The U.S. Supreme Court said states can require members of the Electoral College to vote for the presidential candidate who won the statewide balloting in decisions that add a dose of predictability to the country’s complex election system.

The two unanimous rulings Monday alleviate a potential source of controversy heading into what could be a tumultuous November vote on President Donald Trump’s re-election bid. The court rejected contentions that the Constitution gives presidential electors the right to vote as they please no matter who won the state’s popular vote.

The Constitution and its 12th Amendment “give states broad power over electors, and give electors themselves no rights,” Justice Elena Kagan wrote for the court in a case from Washington state.

Electors are party members who are appointed to the Electoral College if their side’s candidate wins, and the broad expectation has long been that they will support that candidate. But in 2016, 10 “faithless electors” voted, or tried to vote, for someone other than Trump or Hillary Clinton. Only nine electors had voted for someone other than their party’s candidate from 1900 to 2012.

About 30 states attempt to bind electors to the winning candidate, though some of those states don’t penalize people who cast deviant votes.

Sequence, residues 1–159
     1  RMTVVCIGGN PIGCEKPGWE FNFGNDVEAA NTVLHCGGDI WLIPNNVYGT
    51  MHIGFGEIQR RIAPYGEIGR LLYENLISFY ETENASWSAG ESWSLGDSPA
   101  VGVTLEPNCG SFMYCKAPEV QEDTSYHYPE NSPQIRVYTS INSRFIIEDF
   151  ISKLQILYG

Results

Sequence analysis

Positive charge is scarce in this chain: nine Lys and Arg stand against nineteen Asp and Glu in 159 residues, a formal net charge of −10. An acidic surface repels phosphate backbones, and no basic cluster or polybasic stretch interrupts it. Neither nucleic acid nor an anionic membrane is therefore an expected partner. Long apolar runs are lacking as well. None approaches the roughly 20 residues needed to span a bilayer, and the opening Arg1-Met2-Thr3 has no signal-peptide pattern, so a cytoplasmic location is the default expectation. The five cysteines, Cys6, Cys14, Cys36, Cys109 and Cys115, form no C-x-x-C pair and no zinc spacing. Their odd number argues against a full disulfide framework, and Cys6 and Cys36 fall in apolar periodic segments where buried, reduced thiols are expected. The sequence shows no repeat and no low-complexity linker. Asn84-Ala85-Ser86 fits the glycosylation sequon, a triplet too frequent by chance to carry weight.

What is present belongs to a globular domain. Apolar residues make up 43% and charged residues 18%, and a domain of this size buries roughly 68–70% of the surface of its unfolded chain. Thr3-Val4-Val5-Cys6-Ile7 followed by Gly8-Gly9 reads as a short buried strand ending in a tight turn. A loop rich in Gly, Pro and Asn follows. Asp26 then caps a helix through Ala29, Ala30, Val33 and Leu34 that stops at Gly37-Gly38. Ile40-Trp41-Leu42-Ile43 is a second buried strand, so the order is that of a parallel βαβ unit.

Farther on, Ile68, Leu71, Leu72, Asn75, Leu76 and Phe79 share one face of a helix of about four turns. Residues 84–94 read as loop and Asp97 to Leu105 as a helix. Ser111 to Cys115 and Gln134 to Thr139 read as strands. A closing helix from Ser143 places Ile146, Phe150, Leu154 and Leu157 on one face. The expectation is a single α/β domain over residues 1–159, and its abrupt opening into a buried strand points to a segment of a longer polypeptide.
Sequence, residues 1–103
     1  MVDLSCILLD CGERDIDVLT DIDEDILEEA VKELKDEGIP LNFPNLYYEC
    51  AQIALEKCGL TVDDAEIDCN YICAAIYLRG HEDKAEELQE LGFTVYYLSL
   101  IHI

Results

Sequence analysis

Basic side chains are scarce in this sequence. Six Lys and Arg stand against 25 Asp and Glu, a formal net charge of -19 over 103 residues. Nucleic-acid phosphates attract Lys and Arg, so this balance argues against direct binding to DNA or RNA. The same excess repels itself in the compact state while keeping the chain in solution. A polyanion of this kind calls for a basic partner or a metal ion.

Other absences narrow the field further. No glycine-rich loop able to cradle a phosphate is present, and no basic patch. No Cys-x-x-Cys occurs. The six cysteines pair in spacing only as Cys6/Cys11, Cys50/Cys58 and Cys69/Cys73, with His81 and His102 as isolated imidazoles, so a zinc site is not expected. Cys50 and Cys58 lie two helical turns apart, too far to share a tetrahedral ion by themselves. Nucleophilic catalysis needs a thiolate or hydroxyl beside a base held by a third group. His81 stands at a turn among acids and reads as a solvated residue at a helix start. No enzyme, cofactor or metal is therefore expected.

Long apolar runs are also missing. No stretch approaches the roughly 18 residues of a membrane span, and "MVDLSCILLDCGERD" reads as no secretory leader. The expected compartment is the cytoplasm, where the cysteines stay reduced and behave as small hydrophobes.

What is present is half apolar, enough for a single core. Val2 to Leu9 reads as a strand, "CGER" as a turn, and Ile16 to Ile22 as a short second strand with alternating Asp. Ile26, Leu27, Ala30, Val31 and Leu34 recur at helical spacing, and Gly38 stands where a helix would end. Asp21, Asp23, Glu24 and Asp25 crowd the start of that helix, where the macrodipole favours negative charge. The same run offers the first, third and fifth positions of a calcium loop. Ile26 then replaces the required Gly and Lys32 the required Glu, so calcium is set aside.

Lower courts had been divided on whether states can enforce a requirement that electors vote for the state’s top vote-getter.

A federal appeals court ruled that Colorado violated the Constitution when it removed Michael Baca as an elector and canceled his vote. Baca, a Democratic elector, had voted for Republican John Kasich instead of Clinton, who won the statewide vote.

Risk For Trump
The Washington Supreme Court, however, upheld $1,000 fines imposed on three people who voted for former Secretary of State Colin Powell instead of Clinton. Washington changed its law last year so that electors would be removed, rather than fined, and their votes canceled, much like in Colorado.

Eight of the 10 faithless electors in 2016 were bound to Clinton. The group was aiming to encourage Trump electors to follow suit and deprive him of an Electoral College victory.

The Supreme Court’s decision makes similar scenarios less likely in the future, but not impossible. Although the court said states can penalize electors who fail to follow their pledges, it’s still up to the state legislature to decide how much discretion electors have.

Only 15 states impose some kind of penalty on faithless electors who break their pledges. Other states have no penalty, and some simply replace electors who fail to follow their pledges with those who will.

Faithless electors in 2020 may pose more of a risk to Trump than to Democrat Joe Biden. States that let electors change their votes went overwhelmingly for Trump in 2016, 154 electoral votes to 81.

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